Conspiracy Nation -- Vol. 10 Num. 37

("Quid coniuratio est?")


Beware When "News" Programs Get Boring

In the book, Extraordinary Popular Delusions and the Madness of Crowds, past financial bubbles -- the Tulip Craze and the South Sea Land Bubble -- are outlined. The current financial craze -- derivatives and "irrational exuberance" in the stock market -- is nothing new. It too will end, just as past financial lunacies have ended, with the bubble bursting and tremendous financial loss.

Concurrent with the growing financial bubble of the past 20 or so years has been a "reality bubble," personified by the "political correctness" movement. Crazy ideas are browbeaten into the public mind, and disturbing (to the reality bubble) truths wander outcast, exiled from mass media outlets. But the bursting of the financial bubble is a cloud with a silver lining: concurrent with economic collapse, "political correctness" will wither away.

"The sky is falling. The sky is falling." Lyndon LaRouche and his worshippers have chanted their mantra of doom for years. But sooner or later, the odds favor that they will be correct. The current issue of New Federalist (3/24/97) points to now as being that time.

Beware when mass media "news" gets too boring: at such times, we know that a lot is cooking beneath the surface.

ITEM: Federal Reserve Chairman Greenspan has called surreal stock market highs irrationally exuberant. It now looks like the Fed is about to raise interest rates. Does Greenspan's wife, NBC newsperson Andrea Mitchell know anything? Do you think she'd tell us about it?

ITEM: New Federalist, itself a shaky source belching LaRouchian "thought," nonetheless includes quotes from leading European newspapers to support its claims of imminent, and even ongoing, collapse. Quoting from a London Sunday Telegraph (March 16) Business Section article, New Federalist sees a larger meaning: the very fact that Telegraph prints the article is in itself significant. Says Telegraph: "The City's worst nightmare, a meltdown provoked by a crisis in derivatives markets, suddenly looks less like a lurid chapter from a paperback, and more like a future event." To this, New Federalist adds,

The significance of the Sunday Telegraph story, and of the same paper's March 9 warning of the "$55 Trillion Horror Story," lies not in the articles' texts, but in the fact of their publication.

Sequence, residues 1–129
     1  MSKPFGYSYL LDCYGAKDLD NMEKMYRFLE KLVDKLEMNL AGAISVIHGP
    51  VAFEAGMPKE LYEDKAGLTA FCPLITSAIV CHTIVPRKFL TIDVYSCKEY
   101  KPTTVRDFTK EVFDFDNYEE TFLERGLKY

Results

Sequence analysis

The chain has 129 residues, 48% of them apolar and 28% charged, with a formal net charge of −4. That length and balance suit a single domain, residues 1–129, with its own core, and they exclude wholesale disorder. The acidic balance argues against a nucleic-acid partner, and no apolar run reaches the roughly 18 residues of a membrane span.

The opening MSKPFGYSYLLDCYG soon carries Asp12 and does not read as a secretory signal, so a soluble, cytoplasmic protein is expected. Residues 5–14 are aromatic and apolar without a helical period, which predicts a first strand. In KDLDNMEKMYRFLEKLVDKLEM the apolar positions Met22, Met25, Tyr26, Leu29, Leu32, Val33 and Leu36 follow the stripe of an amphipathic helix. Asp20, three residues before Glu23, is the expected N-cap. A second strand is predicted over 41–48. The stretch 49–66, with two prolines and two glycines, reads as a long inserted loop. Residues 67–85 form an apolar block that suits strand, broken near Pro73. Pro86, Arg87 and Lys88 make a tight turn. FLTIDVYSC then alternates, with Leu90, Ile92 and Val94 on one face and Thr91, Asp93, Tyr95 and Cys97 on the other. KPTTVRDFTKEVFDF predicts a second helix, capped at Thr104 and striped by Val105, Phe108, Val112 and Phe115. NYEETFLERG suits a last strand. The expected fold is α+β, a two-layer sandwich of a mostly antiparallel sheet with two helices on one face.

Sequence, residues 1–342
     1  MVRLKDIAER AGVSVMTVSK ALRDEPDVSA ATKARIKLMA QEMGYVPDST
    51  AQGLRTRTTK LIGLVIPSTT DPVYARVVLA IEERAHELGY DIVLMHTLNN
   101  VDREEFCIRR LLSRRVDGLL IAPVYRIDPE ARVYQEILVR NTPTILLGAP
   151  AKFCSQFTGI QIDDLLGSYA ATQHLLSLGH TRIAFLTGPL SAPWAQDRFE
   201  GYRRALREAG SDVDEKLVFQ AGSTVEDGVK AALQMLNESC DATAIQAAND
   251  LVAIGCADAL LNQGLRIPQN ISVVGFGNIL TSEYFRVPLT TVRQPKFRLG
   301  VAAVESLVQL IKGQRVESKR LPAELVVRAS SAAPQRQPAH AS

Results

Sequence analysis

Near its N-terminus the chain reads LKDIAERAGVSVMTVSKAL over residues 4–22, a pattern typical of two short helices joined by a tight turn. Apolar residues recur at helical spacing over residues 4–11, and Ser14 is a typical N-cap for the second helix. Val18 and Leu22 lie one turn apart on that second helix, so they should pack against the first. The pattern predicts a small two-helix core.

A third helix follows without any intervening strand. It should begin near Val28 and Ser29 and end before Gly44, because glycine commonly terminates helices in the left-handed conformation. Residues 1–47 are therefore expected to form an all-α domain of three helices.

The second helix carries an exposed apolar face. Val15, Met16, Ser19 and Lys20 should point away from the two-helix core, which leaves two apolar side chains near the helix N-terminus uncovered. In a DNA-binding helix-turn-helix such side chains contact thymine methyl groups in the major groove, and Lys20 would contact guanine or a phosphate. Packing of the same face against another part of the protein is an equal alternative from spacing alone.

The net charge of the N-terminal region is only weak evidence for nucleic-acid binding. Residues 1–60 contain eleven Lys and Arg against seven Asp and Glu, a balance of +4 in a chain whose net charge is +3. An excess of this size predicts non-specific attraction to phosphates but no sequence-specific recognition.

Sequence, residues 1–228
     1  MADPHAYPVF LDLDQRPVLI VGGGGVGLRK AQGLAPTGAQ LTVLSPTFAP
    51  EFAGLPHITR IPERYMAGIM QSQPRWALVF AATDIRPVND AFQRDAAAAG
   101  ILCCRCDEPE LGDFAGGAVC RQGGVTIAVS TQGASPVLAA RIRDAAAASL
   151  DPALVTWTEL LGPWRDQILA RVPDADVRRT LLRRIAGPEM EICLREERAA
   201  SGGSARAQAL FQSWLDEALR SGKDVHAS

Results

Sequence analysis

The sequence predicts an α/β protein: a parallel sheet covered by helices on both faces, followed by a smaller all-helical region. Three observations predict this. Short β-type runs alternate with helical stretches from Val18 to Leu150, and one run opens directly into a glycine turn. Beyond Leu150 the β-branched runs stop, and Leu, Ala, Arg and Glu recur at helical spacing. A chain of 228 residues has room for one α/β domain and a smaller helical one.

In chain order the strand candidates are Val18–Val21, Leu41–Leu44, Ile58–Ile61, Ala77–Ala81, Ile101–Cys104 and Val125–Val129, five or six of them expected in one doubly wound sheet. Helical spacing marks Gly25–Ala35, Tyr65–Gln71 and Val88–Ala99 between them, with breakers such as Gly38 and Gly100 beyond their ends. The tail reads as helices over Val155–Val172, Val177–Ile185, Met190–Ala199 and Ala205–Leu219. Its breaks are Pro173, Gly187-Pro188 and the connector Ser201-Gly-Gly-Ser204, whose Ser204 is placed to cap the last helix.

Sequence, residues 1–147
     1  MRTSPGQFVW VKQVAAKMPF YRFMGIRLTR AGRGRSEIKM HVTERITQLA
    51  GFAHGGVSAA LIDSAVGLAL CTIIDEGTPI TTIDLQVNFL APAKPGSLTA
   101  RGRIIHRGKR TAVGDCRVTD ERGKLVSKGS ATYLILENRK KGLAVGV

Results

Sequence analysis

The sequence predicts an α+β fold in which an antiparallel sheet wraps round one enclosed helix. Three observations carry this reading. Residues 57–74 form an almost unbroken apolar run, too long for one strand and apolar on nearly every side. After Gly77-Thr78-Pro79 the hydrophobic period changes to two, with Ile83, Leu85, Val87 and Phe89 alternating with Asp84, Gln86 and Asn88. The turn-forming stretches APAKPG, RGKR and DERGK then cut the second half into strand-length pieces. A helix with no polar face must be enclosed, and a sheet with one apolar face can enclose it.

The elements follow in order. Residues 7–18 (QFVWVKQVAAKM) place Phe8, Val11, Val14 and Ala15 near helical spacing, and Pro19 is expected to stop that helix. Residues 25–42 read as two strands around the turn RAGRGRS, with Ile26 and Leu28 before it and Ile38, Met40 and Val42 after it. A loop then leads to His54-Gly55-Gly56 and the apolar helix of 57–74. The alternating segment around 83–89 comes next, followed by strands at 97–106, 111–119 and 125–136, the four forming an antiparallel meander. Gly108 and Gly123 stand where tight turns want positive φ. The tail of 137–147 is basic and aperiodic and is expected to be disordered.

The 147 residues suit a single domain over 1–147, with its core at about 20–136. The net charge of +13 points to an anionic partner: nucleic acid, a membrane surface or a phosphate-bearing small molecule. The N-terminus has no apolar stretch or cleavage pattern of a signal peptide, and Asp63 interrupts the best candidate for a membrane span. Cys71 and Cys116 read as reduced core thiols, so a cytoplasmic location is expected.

LaRouche, in a feature in last week's EIR magazine (March 21), observed that the Sunday Telegraph's publication of the March 9 story "reflects a radical phase-shift in both the international financial situation, and also the political situation."

ITEM: New Federalist quotes "a senior British media official" as saying, "My reading is that something very big is about to happen."

ITEM: Donald Gordon, head of international insurance giant Liberty Life, warns of "dramatic casualties," and adds that Wall Street "will be at the center of the readjustment."

ITEM: Congressman Bob Barr (R-Ga) wants to impeach both Bill Clinton and Al Gore. In his column, "Inside Washington," London Sunday Times Washington correspondent James Adams writes that Barr's going public with the impeachment idea "represents a significant escalation." Barr reportedly has initiated formal preparation of articles of impeachment.

ITEM: Says Congressman Henry Hyde (R-Ill), "We are studying the law of impeachment, the procedures of impeachment... we'll be ready when the time comes." When will "the time" come? When the financial bubble bursts and millions of usually insensate Americans discover that they are furious about it?

ITEM: Credit card delinquencies in the U.S. are at record levels -- highest since 1973, when records were first kept by the American Bankers Association. Have you noticed lately how banks have been begging you to please, please sign onto their Visa and Mastercard offers? Can you say, "Pyramid?" Can you say, "Debt bubble?" In eleven years, credit card debt held by U.S. households has quintupled. Can that debt be re-paid, or will it be repudiated? What happens if it is repudiated?

ITEM: For about the past year, the ultra rich have been moving their wealth out of financial instruments and into durable goods. Do they know something?

So you, you turn on the evening news and what do you see? You see Doctor Quack soothingly and handsomely giving his bedside manner to ageing housewives. You see a claque of so-called "feminists" whining for yet another pillow to sit on. You see Bill Clinton spewing endless vocabulary. Beware when the "news" gets boring.

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